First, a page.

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Fear can release adrenaline, satisfy audience curiosities about humanity, and make them feel a sense of adventure.
‘Tis the season to be scared—and what better way to accomplish that than with a horror movie?
The very first horror film, “Le Manoir du Diable,” or “The House of the Devil,” came out in 1898. And since then, horror has expanded to include even more monster movies, slasher flicks, psychological thrillers, and everything in between.
A 2021 poll found that just half of Americans enjoy scary movies, so what’s driven the history of horror?
“Horror is a cyclical thing where what’s popular on day one, at the end of the year, is no longer popular and something else is," said Darren Lynn Bousman.
Bousman has directed horror movies for over two decades, including several films in the “Saw” franchise. His latest, "Spiral,” made over $40 million worldwide in 2021.
“When I started off making the ‘Saw’ films, gore and violence was a gimmick. I used it to try to gross out the audience, as well as one-up other horror filmmakers," said Bousman.
While the 70s and 80s were known for slasher franchises like “Halloween” and “Friday the 13th,” the early 2000s started a trend of violent gore. Today’s era of horror centers more on psychological suspense and social commentary.
But throughout the decades, what exactly has drawn audiences to horror?
A Harvard Business Review report found fear can release adrenaline, satisfy audience curiosities about humanity, and make them feel a sense of adventure.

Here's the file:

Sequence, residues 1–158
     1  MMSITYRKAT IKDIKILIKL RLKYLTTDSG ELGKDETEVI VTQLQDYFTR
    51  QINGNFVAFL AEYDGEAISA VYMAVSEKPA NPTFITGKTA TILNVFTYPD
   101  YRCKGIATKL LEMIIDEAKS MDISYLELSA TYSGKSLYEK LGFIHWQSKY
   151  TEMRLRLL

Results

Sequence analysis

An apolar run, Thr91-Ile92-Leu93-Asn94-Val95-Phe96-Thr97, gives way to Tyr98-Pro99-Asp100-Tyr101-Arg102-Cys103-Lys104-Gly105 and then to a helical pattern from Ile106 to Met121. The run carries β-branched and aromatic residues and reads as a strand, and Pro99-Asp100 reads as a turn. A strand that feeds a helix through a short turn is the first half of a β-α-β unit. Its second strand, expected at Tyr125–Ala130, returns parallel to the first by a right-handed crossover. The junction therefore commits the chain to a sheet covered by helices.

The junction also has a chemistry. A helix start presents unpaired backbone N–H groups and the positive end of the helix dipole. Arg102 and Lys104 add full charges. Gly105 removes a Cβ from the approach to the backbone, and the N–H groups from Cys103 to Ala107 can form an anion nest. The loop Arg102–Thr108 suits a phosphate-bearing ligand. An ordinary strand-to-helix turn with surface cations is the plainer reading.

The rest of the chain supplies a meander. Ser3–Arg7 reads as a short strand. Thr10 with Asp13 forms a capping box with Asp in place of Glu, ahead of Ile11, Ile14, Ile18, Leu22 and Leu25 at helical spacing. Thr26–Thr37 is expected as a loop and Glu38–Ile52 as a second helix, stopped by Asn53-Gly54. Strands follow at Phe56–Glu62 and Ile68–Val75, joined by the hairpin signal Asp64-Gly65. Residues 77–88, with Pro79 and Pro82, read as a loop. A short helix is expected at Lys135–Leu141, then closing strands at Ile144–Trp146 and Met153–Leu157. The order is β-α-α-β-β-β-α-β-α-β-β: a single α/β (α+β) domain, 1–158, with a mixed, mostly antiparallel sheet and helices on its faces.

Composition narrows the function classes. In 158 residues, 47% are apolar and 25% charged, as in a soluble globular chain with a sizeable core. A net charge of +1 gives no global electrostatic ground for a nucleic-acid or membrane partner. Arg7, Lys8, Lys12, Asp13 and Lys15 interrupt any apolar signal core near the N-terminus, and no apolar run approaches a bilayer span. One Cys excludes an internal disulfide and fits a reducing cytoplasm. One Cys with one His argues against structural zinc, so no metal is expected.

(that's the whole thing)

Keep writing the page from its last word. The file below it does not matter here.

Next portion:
The three highest grossing horror movies are the 1975 monster movie “Jaws,” the 2007 apocalypse thriller “I Am Legend,” and the 2017 remake of Stephen King’s “It."
“Sometimes, the monsters are actually very normal things that we then have to sort of breathe life into and make them terrifying. And so sometimes that’s even more exciting than just recreating something from scratch," said Joran Soles.
Soles is part of the team at Rodeo FX, the studio behind some of the scariest monsters in recent horror history: the Demogorgons of “Strangers Things,” the giant caterpillar of “Resident Evil,” and Pennywise the Clown from “It."
Scripps News Correspondent: “You guys are probably 90% responsible for the nightmares I had for like a whole year."
Soles: “You’re welcome."
Villains like Pennywise the Clown personify some of our greatest fears, but beyond the monsters, gore, and jump scares, what exactly makes something scary?
“It’s the story. That’s the thing that’s causing all of the tension and all of the fear, and those are the things that we love being a part of," said Soles.
Love them or hate them, horror stories aren’t going away anytime soon—even if you cover your eyes throughout.
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